This study sought to identify ways in which adolescent attachment security, as assessed via the Adult Attachment Interview, is manifest in qualities of the secure base provided by the mother– adolescent relationship. Assessments included data coded from mother–adolescent interactions, test-based data, and adolescent self-reports obtained from an ethnically and socioeconomically diverse sample of moderately at-risk 9th and 10th graders. This study found several robust markers of adolescent attachment security in the mother–adolescent relationship. Each of these markers was found to contribute unique variance to explaining adolescent security, and in combination, they accounted for as much as 40% of the raw variance in adolescent security. These findings suggest that security is closely connected to the workings of the mother–adolescent relationship via a secure-base phenomenon, in which the teen can explore independence in thought and speech from the secure base of a maternal relationship characterized by maternal attunement to the adolescent and maternal supportiveness.
A diathesis-stress interaction model is used to describe multifinality in adolescent internalizing and risky behavioral outcomes. Problematic behavior associated with adolescent insecure preoccupation (a diathesis) was expected to interact with the level of maternal autonomous discourse (a stressor) to predict specific adolescent outcomes. Assessments of adolescent preoccupied attachment organization, observations of maternal displays of autonomy in mother–adolescent interactions, and adolescent reports of internalizing symptoms and risky behaviors were obtained at age 16. As predicted, maternal autonomy in the mother–adolescent relationship helped to explain multifinality in dysfunctional symptoms among preoccupied adolescents. Adolescent preoccupation was more strongly linked to internalizing behavior when mothers demonstrated low levels of autonomy in interactions with their adolescents and more strongly linked to risky behavior when mothers displayed extremely high levels of autonomy. Implications for autonomy processes in increasing our understanding of how adolescent insecure–preoccupation relates to profiles of specific problems during adolescence are discussed as is the importance of exploring the role of attachment in different contexts.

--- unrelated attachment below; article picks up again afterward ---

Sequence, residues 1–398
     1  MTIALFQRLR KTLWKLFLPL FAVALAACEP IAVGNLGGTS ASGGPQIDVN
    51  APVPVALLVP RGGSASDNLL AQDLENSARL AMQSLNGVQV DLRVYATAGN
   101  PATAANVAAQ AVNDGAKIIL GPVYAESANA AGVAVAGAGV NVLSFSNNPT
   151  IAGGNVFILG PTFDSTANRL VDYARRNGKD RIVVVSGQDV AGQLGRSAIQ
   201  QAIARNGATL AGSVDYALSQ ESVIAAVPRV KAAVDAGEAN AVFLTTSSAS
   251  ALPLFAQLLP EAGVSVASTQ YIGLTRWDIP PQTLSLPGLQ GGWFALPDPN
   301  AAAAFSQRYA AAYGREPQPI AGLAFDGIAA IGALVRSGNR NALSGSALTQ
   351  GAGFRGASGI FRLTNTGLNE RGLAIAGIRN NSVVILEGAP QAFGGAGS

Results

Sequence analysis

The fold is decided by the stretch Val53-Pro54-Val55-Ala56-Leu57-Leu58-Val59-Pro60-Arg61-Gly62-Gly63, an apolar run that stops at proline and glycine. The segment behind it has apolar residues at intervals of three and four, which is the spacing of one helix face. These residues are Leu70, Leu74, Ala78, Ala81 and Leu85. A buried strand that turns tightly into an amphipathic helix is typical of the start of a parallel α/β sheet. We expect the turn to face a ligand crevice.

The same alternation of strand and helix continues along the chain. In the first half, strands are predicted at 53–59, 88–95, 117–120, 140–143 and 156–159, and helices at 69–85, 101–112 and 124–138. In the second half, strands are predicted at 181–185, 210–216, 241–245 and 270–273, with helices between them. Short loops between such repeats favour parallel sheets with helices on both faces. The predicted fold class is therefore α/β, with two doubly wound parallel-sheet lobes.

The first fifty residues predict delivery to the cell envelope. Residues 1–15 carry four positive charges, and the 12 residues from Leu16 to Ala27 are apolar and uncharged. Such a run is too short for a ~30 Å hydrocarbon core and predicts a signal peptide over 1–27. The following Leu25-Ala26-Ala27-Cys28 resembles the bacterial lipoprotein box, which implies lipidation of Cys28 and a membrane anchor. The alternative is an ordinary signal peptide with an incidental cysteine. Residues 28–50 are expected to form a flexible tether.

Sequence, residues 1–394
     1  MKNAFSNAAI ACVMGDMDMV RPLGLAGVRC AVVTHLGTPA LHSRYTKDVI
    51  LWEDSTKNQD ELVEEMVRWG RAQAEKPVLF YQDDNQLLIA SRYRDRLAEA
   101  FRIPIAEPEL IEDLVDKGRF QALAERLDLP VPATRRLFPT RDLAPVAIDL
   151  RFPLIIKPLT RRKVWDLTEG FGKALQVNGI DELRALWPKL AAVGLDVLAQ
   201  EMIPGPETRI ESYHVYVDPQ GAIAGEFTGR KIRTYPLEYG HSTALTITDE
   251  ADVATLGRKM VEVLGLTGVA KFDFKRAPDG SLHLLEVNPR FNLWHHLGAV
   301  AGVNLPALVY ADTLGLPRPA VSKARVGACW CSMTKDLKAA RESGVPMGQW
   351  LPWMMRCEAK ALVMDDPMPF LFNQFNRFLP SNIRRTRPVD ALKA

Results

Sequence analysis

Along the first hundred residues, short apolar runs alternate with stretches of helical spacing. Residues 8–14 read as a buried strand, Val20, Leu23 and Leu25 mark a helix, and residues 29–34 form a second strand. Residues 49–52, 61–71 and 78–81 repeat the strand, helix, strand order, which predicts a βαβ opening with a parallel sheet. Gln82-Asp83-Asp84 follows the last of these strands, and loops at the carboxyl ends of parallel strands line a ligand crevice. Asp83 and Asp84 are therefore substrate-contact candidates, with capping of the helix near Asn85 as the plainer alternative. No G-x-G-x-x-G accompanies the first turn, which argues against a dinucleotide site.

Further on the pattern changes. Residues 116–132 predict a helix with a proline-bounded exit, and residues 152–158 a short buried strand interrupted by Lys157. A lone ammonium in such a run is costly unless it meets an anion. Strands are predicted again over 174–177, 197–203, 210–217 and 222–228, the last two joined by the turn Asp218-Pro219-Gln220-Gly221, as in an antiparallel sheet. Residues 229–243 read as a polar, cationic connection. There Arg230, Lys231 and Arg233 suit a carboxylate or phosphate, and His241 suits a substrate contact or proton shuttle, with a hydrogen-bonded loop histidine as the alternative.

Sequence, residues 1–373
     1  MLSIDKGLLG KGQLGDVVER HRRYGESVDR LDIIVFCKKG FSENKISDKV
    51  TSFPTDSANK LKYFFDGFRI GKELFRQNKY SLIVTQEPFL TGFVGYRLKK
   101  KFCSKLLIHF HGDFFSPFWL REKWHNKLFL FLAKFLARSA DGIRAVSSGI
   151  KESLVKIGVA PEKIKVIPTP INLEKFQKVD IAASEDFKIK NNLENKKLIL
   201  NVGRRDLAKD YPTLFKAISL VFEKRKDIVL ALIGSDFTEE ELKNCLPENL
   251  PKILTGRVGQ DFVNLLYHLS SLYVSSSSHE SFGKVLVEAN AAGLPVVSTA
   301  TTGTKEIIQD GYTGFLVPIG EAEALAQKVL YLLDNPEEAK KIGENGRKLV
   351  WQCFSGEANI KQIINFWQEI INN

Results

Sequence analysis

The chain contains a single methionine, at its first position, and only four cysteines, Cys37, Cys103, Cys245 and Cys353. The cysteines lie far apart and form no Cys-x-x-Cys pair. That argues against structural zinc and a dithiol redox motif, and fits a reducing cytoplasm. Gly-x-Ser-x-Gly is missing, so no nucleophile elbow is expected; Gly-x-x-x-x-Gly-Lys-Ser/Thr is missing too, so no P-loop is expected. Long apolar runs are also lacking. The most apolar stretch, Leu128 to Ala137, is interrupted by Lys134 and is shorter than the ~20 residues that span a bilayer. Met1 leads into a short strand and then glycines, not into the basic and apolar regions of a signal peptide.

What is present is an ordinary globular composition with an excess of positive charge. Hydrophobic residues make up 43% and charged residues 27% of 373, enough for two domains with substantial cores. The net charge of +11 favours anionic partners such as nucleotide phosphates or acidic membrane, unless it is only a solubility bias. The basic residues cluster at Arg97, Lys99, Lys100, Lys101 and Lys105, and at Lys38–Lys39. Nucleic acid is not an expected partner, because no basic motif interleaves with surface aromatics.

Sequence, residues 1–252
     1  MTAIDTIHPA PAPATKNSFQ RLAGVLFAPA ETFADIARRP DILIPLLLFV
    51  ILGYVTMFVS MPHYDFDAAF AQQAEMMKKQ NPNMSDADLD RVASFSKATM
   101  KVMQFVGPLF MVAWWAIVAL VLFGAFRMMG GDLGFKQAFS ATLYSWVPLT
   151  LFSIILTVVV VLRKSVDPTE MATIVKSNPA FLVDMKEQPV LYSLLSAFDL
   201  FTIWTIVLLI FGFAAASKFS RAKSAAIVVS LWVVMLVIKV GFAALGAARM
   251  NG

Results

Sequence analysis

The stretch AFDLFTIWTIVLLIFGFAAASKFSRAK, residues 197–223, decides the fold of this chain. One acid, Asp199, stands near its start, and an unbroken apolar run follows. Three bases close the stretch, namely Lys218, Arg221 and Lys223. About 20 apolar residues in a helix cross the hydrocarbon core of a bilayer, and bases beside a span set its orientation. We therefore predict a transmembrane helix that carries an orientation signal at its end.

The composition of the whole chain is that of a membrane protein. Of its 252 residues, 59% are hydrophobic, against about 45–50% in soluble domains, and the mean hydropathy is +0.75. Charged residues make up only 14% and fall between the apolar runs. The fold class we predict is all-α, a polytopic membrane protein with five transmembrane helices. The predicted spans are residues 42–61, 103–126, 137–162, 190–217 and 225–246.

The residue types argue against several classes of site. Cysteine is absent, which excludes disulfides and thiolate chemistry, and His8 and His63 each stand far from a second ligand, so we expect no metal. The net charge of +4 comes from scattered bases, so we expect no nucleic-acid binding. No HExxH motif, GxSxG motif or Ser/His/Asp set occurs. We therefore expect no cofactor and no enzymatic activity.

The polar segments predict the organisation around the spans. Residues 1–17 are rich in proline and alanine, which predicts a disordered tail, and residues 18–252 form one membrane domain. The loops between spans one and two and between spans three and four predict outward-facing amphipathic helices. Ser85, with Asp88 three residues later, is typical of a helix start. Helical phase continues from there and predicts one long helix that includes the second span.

This study examines links between attachment states of mind and relationship schemas in a sample of 40 young adults, half of whom were hospitalized as adolescents for psychiatric treatment. Participants were interviewed about their closest relationships, and, using the Core Conflictual Relationship Theme method, their narratives about these relationships were analyzed for the relative frequency with which they expressed wishes for closeness and for autonomy in relation to others. Participants were also administered the Adult Attachment Interview and were classified with respect to security of attachment. Security of attachment was associated with the relative frequency with which participants expressed wishes for autonomy in their narratives about close relationships, even after accounting for current levels of psychological functioning and history of serious psychopathology in adolescence. Security of attachment was not associated with the relative frequency with which participants expressed wishes for closeness. The study suggests that core relational wishes for autonomy are linked specifically with subtypes of insecure attachment. These findings extend what is known about connections between the representation of early attachment relationships and the wishes and needs expressed in current relationships with significant others.